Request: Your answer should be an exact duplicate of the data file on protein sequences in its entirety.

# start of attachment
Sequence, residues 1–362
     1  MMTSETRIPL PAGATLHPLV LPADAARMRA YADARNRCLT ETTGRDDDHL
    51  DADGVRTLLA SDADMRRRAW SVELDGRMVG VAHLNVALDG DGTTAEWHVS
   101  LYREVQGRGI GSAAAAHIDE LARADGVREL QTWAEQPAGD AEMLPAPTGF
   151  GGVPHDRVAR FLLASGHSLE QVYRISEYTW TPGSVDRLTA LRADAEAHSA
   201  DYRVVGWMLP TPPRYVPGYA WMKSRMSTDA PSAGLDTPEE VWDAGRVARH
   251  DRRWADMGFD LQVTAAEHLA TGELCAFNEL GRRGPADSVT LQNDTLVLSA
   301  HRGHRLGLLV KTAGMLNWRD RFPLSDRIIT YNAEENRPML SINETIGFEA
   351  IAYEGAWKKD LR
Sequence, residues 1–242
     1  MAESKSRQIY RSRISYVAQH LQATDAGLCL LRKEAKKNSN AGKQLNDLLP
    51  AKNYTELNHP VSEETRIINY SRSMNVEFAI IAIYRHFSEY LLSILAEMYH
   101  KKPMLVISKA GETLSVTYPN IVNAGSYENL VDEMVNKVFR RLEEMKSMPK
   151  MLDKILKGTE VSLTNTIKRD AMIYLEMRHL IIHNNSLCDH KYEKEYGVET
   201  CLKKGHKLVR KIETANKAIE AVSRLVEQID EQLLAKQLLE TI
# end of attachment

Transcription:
Sequence, residues 1–362
     1  MMTSETRIPL PAGATLHPLV LPADAARMRA YADARNRCLT ETTGRDDDHL
    51  DADGVRTLLA SDADMRRRAW SVELDGRMVG VAHLNVALDG DGTTAEWHVS
   101  LYREVQGRGI GSAAAAHIDE LARADGVREL QTWAEQPAGD AEMLPAPTGF
   151  GGVPHDRVAR FLLASGHSLE QVYRISEYTW TPGSVDRLTA LRADAEAHSA
   201  DYRVVGWMLP TPPRYVPGYA WMKSRMSTDA PSAGLDTPEE VWDAGRVARH
   251  DRRWADMGFD LQVTAAEHLA TGELCAFNEL GRRGPADSVT LQNDTLVLSA
   301  HRGHRLGLLV KTAGMLNWRD RFPLSDRIIT YNAEENRPML SINETIGFEA
   351  IAYEGAWKKD LR
Sequence, residues 1–242
     1  MAESKSRQIY RSRISYVAQH LQATDAGLCL LRKEAKKNSN AGKQLNDLLP
    51  AKNYTELNHP VSEETRIINY SRSMNVEFAI IAIYRHFSEY LLSILAEMYH
   101  KKPMLVISKA GETLSVTYPN IVNAGSYENL VDEMVNKVFR RLEEMKSMPK
   151  MLDKILKGTE VSLTNTIKRD AMIYLEMRHL IIHNNSLCDH KYEKEYGVET
   201  CLKKGHKLVR KIETANKAIE AVSRLVEQID EQLLAKQLLE TI